Forging Stronger Links in the Supply Chain

Experts at NAIOP's annual I.CON East conference offered strategies for addressing continuing challenges.

From left: Beth Rooney, Grayson Scott, Brewster Smith and Jeffrey Garza Walker discuss supply-chain issues during NAIOP’s annual I.CON East conference in Jersey City, N.J. Photo by Paul Rosta for CPE

Though the shipping bottlenecks that disrupted the industrial sector and the economy during the pandemic have eased considerably, supply-chain strategies remain center stage for industrial real estate developers, investors and advisers. At I.CON East, NAIOP’s annual East Coast industrial conference, experts outlined new best practices and answers to continuing challenges.

End users are adjusting their location choices in response to the logjams that occurred. “I see companies more than ever saying, ‘We’ve got to have redundancy in our supply chain,” NAI Horizon Executive Vice President Jeffrey Garza Walker told the audience in Jersey City, N.J.

Stakeholders must also meet the challenge of supply-chain resilience, panelists said. All links in the chain, and its key linchpins, must be visible to the end user, in order to avoid “getting caught being dependent on one supplier,” said Grayson Scott, senior consultant for supply chain consulting at CBRE.

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Some end users are moving their distribution locations from such port-adjacent Tier 1 markets as the Inland Empire to locations such as Phoenix and Bakersfield, Calif., noted Brewster Smith, head of supply chain solutions for the occupier services group at Colliers.

Another factor, especially on the West Coast, is labor strife at the Port of Los Angeles, the Western Hemisphere’s busiest container port, and the neighboring Port of Long Beach. “I think the answer is that shippers and beneficial cargo owners need to be dynamic,” said Smith. That means flexibility and looking at potential alternatives, such as Seattle.

Resilience is closely tied to decisions about reshoring and near-shoring. “We have certainly seen a diversification of sources,” said Beth Rooney, director of the Port of New York and New Jersey and the panel’s moderator. CBRE’s site-selection business is currently 90 percent industrial, noted Grayson Scott of CBRE.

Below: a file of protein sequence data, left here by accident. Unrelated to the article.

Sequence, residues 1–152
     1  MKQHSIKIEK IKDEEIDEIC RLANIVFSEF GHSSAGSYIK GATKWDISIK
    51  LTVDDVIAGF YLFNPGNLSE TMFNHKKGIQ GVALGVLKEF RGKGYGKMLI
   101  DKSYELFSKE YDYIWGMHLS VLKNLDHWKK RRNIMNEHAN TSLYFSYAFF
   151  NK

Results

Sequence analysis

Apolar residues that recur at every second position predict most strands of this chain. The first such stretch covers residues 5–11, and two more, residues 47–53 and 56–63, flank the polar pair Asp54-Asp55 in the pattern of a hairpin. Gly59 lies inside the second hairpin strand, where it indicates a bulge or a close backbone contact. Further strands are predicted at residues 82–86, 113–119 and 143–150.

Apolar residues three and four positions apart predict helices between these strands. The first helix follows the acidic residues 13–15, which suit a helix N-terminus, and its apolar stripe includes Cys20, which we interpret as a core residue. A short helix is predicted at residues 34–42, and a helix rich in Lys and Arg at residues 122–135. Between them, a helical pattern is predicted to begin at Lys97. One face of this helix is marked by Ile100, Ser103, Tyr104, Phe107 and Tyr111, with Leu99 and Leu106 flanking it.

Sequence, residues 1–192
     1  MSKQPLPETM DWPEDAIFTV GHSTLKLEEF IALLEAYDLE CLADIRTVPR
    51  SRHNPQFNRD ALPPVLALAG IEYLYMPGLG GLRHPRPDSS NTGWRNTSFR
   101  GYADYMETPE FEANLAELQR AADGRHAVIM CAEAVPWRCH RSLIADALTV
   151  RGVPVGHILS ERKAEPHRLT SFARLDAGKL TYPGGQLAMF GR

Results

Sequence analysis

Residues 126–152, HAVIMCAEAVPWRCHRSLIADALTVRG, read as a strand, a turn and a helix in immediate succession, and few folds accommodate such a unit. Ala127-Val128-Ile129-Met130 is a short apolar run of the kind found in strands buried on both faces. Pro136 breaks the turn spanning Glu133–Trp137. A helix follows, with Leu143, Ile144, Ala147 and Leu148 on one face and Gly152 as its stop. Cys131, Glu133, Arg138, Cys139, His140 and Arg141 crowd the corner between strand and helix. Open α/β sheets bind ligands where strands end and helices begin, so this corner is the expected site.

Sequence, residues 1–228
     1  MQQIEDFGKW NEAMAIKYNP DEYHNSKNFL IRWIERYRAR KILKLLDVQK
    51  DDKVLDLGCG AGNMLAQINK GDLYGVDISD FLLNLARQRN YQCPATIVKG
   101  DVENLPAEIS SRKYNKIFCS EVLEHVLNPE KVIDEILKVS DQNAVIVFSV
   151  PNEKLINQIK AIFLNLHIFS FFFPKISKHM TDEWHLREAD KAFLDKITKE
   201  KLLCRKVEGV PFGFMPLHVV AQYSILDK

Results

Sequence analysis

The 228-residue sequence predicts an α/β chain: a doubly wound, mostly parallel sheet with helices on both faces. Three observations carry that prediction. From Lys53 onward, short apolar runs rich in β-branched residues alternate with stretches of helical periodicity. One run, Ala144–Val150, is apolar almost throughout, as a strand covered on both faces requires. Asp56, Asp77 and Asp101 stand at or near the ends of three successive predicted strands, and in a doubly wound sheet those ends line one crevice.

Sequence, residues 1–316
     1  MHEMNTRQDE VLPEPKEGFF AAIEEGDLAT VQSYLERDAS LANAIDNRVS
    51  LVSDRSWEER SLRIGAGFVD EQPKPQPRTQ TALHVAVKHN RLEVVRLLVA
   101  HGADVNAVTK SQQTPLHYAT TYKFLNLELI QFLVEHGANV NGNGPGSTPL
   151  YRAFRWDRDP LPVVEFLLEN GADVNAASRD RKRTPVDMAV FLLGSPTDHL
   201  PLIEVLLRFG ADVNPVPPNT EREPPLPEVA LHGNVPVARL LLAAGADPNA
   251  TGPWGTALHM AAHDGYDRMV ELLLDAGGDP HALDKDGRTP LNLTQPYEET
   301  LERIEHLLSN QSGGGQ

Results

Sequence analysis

Reshoring questions

Reshoring strategies also require assessing the key issues including expertise, capacity and cost, Scott advised. Cost savings, he added, was the reason that many companies offshored manufacturing in the first place.

Walker cited a telling January 2023 study indicating that 93 percent of CEOs are considering reshoring. “You have to be strategic, more than ever,” he emphasized.

Despite the lessons of the supply-chain crisis, however, developing a business contingency plan is uncharacteristic. As a rule, end users don’t take the opportunity to gather in a room with a whiteboard and list the 10 worst things that could happen to their business, Smith reported. “Once things settle out, people just go back to business as usual,” he observed.

This issue is complicated by geopolitical trends. China is the biggest investor in Mexico’s industrial sector, in large part because production facilities there offer China-based companies access to the entire North American market, Walker observed. Geopolitical factors also shadow the massive investment in U.S. chip factories, he added. The best sources for neon gas, an essential ingredient in chip manufacturing, are China, Russia and Ukraine.

In addition, many cargo owners are looking to have a green supply chain, responding to pressure from shippers as well as NIMBY-ism, noted Rooney. Yet approaches often differ by company size. Sustainability tends to be a higher priority for large-cap companies, which may be under greater pressure to respond to ESG concerns, than for many mid-cap companies, whose top priority is expanding the footprint, said Smith.

The panelists concluded by suggesting best practices for commercial real estate professionals.

  • Smith: When discussing business with a client, “Stay off the real estate as long as humanly possible.” Instead, he advised, ask questions about the client’s business, such as the company’s pain points and compliance concerns. “You’ll be seen as a trusted adviser, as opposed to just an industrial broker.”
  • Walker: “Find out what makes their business go.” He encouraged the audience to get involved with industry organizations that they are passionate about and find opportunities to network with clients’ decision-makers in settings outside of business.
  • Scott: “Understand what they’re trying to solve for. What are their long-term goals and desires?”

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